Annie Oakley is a 1935 American biographical film directed by George Stevens and starring Barbara Stanwyck, Preston Foster, Melvyn Douglas, and Moroni Olsen. The film Annie Oakley is based on the life of Annie Oakley.
In late 1800s Ohio, a young woman from the backwoods, Annie Oakley (Barbara Stanwyck) delivers six dozen quail she has shot to the owner of the general store. He sends them to the MacIvor hotel in Cincinnati, where the mayor is holding a large banquet in honor of Toby Walker (Preston Foster), the “greatest shot in the whole world”. Walker is particular about what he eats–the hotel owner (James MacIvor, played by Andy Clyde) bought Oakley’s quail because she shoots the quail cleanly through the head, leaving no buckshot elsewhere.
At the banquet, Jeff Hogarth (Melvyn Douglas) signs Walker to a contract making him part of Buffalo Bill’s Wild West Show. MacIvor challenges Walker to a shooting contest to take place the next morning. MacIvor arranges for “Andy” Oakley to compete against Walker, only to be shocked when she shows up. He tries unsuccessfully to call the whole thing off. The scheduled match ends in a tie, so they proceed to sudden death. The two sharpshooters continue hitting their targets. Following a comment from Oakley’s mother (Margaret Armstrong) Oakley deliberately misses her next shot. Walker is a gracious, though unsuspecting winner; Hogarth knows exactly what happened.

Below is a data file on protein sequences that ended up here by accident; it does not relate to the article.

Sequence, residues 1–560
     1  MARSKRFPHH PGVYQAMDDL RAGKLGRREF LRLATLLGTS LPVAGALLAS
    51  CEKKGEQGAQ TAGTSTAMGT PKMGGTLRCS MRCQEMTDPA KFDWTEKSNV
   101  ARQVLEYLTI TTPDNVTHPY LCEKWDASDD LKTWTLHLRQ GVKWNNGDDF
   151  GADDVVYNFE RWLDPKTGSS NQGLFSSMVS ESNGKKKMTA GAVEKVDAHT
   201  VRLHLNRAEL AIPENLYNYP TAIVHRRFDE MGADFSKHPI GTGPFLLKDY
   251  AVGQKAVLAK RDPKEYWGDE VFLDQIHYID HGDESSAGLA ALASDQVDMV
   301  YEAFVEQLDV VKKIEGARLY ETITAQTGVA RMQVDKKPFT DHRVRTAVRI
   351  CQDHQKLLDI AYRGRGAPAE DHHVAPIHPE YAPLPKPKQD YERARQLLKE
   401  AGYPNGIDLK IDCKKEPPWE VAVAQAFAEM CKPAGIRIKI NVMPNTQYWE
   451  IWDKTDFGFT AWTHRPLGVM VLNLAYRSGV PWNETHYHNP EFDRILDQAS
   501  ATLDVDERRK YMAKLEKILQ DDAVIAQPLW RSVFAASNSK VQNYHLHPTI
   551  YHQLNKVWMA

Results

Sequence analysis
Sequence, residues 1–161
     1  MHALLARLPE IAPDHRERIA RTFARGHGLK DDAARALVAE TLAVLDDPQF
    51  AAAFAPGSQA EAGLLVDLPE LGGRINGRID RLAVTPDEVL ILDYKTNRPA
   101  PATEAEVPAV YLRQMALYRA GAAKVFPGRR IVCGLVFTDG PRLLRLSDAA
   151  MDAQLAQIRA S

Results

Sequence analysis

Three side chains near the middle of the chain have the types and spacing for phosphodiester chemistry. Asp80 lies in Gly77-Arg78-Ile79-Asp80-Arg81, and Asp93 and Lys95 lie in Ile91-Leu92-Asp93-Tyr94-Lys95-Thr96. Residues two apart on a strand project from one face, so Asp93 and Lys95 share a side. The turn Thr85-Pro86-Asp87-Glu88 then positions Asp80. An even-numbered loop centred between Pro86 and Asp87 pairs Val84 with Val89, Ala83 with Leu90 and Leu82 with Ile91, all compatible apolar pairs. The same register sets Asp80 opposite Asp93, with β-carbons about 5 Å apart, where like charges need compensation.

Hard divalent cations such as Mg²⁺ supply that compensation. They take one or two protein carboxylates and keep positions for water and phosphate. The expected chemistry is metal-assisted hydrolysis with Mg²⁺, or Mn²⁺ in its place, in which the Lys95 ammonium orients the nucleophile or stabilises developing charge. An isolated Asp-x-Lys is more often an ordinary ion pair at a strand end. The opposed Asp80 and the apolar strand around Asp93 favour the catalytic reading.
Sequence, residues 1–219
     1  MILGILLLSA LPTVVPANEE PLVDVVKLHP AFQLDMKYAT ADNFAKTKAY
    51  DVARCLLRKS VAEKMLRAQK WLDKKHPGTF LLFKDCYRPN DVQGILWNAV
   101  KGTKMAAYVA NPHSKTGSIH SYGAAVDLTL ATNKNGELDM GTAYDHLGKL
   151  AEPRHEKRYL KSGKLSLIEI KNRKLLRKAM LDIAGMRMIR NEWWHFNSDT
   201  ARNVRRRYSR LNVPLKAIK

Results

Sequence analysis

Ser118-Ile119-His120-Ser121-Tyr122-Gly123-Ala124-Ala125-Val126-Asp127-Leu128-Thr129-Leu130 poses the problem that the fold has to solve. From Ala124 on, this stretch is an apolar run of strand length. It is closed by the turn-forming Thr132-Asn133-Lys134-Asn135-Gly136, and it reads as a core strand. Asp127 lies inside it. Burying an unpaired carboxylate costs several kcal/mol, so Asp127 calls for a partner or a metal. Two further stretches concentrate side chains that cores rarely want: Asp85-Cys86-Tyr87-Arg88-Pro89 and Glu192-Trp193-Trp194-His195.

When the Oakleys return home, Annie promises to pay back all those who bet on her. Hogarth follows and tells Annie that he never bet the money she gave to him. He also invites her to join the Wild West Show. Oakley, having developed a crush on Walker, accepts. Hogarth introduces her to Buffalo Bill (Moroni Olsen) and the other members of the show.
When Walker overhears Buffalo Bill telling Hogarth that he might have to fire Oakley because she lacks showmanship, he teaches her some ‘fancy shootin’ and tricks.
At the first show, Chief Sitting Bull (Chief Thunderbird) is in the audience with Iron Eyes Cody as his translator. Ned Buntline (an uncredited Dick Elliott), Buffalo Bill’s publicist, tries to sign him up for the show, but the chief is bored with the acts until he sees Annie shoot five targets thrown in the air. He is so impressed, he changes his mind and joins the show.
A romance blossoms between Oakley and Walker, despite Hogarth’s attempts to win Oakley’s affections for himself. They also become good friends with Sitting Bull.
One day, a man with a grudge tries to shoot Sitting Bull. Walker grabs the man’s gun just as it goes off, saving his friend’s life. However, his eyes are affected by the closeness of the shot. While Oakley’s fortunes rise, Walker’s decline. He hides his injury, but ends up shooting Oakley in the hand and is dismissed from the show. Much to Annie’s heartbreak, Hogarth and Wild Bill keep Walker away from her. However, during a chance meeting, a woman accompanying Walker tells Annie that she’s been nothing but bad luck to Walker. Although Walker tries to stop the woman, Annie feels what she says is true and unhappily retreats. After a triumphant tour of Europe, the show next plays in New York City, Walker’s home town. When Walker attends the show, Sitting Bull spots him and reunites the loving couple.